Thursday, July 28, 2011

St. Petersburg Rules

Is there any better tourist destination than St. Petersburg? To read Bruce Lincoln's last book, Sunlight at Midnight: St. Petersburg and the Rise of Modern Russia, one would expect "Piter" to outshine all other European cities, including Moscow. After all, St. Petersburg is a city of lovely canals and embankments and splendid baroque and neoclassical architecture. More than this, St. Petersburg is a city of tsars, revolutionaries, and, above all, poets. This is the city of Peter the Great, Catherine the Great, Nicholas I, and Alexander the Tsar Liberator. It's the city of Lenin, Trotsky, Kirov, and the Russian citizens who held out for 900 days against Nazi encirclement. And ultimately it's the city of Pushkin, Akhmatova, Brodsky, Blok, Bely, Gumilyev, and so many others.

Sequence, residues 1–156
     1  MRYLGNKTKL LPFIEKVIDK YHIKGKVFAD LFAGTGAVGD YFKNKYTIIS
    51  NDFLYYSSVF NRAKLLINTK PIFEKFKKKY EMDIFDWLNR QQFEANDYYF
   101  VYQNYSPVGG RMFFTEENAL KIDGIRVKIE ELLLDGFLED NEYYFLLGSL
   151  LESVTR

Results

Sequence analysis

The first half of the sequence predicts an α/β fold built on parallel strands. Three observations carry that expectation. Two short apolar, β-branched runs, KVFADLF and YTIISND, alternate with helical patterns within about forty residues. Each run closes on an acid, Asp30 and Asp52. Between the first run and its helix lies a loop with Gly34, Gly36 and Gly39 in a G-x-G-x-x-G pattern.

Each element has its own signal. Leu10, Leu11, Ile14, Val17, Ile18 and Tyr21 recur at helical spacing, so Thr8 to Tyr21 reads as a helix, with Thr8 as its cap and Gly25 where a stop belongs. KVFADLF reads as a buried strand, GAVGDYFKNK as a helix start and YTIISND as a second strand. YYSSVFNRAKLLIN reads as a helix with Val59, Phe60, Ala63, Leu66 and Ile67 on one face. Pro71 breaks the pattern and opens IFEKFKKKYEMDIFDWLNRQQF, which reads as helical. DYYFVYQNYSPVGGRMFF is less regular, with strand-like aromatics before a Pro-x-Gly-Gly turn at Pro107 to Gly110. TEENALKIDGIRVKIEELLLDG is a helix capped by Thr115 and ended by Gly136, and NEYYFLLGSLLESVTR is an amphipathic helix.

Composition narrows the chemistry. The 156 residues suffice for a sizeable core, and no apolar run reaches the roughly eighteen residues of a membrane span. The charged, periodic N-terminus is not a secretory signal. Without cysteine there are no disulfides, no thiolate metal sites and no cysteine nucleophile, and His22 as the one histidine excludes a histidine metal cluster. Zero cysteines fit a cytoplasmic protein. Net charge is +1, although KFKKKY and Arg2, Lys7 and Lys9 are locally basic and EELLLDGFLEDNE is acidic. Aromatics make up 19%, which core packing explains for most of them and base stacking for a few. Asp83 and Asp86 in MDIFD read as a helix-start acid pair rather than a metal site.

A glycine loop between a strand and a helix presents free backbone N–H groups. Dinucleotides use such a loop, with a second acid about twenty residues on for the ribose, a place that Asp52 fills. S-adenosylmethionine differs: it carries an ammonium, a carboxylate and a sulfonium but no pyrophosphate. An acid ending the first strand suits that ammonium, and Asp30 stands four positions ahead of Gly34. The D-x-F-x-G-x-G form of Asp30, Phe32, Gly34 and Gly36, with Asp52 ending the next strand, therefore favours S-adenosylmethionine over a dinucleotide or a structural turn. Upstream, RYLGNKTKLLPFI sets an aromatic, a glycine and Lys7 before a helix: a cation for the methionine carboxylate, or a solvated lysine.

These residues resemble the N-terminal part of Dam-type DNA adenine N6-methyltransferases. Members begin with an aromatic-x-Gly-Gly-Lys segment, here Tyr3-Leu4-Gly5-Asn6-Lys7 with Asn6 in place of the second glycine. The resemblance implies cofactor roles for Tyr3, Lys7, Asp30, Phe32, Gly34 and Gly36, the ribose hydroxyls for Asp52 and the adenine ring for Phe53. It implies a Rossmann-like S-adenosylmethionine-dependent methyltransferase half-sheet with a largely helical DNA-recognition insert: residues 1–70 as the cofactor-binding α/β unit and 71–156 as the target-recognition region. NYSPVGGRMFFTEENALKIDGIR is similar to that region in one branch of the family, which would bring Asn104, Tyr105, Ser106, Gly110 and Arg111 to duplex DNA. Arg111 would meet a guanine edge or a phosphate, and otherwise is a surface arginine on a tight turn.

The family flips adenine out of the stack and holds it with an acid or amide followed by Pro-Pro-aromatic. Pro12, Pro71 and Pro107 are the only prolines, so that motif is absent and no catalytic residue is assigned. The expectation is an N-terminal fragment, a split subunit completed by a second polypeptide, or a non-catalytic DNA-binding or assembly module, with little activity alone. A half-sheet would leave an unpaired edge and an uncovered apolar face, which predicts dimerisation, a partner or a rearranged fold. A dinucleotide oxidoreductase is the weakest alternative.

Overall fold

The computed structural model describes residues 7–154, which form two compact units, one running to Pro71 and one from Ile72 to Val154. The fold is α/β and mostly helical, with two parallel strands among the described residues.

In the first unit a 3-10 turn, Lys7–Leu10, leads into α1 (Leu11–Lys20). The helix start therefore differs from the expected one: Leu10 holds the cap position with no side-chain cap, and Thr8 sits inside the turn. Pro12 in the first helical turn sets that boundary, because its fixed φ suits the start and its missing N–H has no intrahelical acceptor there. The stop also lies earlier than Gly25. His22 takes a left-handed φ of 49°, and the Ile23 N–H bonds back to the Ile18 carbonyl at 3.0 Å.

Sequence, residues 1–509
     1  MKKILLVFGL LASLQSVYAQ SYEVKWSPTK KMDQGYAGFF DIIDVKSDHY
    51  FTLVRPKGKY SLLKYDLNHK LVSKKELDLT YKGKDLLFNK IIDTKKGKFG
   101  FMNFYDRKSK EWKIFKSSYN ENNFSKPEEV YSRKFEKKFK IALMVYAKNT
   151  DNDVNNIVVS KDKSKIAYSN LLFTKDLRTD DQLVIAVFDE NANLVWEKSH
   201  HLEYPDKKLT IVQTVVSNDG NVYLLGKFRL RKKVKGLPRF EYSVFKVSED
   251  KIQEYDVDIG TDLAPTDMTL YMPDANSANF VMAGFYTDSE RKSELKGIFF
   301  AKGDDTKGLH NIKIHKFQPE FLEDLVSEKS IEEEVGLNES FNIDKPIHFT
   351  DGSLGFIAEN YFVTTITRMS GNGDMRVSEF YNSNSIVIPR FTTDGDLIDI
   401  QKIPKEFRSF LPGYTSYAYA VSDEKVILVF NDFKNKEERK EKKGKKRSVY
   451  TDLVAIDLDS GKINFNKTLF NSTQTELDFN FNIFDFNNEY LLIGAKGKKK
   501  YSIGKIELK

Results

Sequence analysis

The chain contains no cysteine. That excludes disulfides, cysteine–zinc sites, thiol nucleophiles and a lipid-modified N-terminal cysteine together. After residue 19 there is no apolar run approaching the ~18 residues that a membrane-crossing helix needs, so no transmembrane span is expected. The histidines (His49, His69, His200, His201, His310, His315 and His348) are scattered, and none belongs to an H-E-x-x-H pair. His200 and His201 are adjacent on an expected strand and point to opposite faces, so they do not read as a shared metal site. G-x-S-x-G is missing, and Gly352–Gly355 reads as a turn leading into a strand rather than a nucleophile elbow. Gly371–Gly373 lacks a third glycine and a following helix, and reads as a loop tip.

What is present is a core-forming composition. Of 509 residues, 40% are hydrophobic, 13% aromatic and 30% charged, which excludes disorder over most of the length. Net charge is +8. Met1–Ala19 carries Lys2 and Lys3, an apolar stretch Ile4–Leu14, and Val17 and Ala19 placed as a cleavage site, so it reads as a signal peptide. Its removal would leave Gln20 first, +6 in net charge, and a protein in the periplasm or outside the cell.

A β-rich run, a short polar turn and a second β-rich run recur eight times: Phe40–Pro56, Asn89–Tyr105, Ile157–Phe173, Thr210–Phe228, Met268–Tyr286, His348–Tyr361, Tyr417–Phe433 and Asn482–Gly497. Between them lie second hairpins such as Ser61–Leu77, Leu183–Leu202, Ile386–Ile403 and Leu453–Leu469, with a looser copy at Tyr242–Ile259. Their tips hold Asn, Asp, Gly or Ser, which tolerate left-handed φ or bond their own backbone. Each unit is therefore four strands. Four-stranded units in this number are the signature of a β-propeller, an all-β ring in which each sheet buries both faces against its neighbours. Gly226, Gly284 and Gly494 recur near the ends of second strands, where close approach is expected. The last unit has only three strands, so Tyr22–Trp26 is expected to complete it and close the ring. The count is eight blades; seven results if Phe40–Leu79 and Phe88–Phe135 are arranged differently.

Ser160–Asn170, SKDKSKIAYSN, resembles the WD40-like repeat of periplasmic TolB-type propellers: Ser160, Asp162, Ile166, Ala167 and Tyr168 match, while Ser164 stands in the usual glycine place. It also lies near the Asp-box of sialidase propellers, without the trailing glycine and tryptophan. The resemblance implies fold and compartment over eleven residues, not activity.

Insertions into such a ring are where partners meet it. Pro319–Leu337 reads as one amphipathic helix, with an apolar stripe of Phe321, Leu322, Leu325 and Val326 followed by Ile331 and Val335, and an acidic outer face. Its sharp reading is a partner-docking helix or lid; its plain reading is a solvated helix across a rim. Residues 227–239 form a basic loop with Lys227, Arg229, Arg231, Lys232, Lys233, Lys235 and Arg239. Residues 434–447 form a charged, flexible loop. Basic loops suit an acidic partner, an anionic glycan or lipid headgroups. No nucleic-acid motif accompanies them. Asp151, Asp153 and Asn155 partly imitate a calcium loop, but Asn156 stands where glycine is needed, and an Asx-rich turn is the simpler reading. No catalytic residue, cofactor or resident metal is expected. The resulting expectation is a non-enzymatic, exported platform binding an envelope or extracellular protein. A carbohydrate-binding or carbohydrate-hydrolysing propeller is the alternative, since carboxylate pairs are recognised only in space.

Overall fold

But on a practical level, where should one go to find out what actually awaits the visitor who would like to see the Winter Palace and the Hermitage, the Bronze Horseman, Peterhof, the Nevsky Prospect, the Peter and Paul Fortress, the Neva River, the Admiralty Spire, The Mariinsky Theater, Church of the Savior of Spilled Blood, Kazan Cathedral, Yusupov's Palace, Smolny, the Mikhailovsky Castle, Tsarskoe Selo (Pushkin's Village), the Tauride Palace, the Finland Station, the Stray Dog Cafe, and other physical reminders and architectual moments of St. Petersburg's brilliant but tortured past? For clues, why not see what Mara Vorhees, the author of the Lonely Planet's Petersburg City Guide has to say?

As far as this blog post will go, let's just say that Vorhees recommends some Internet resources related to the city's past and present. These include the following:


No comments:

Post a Comment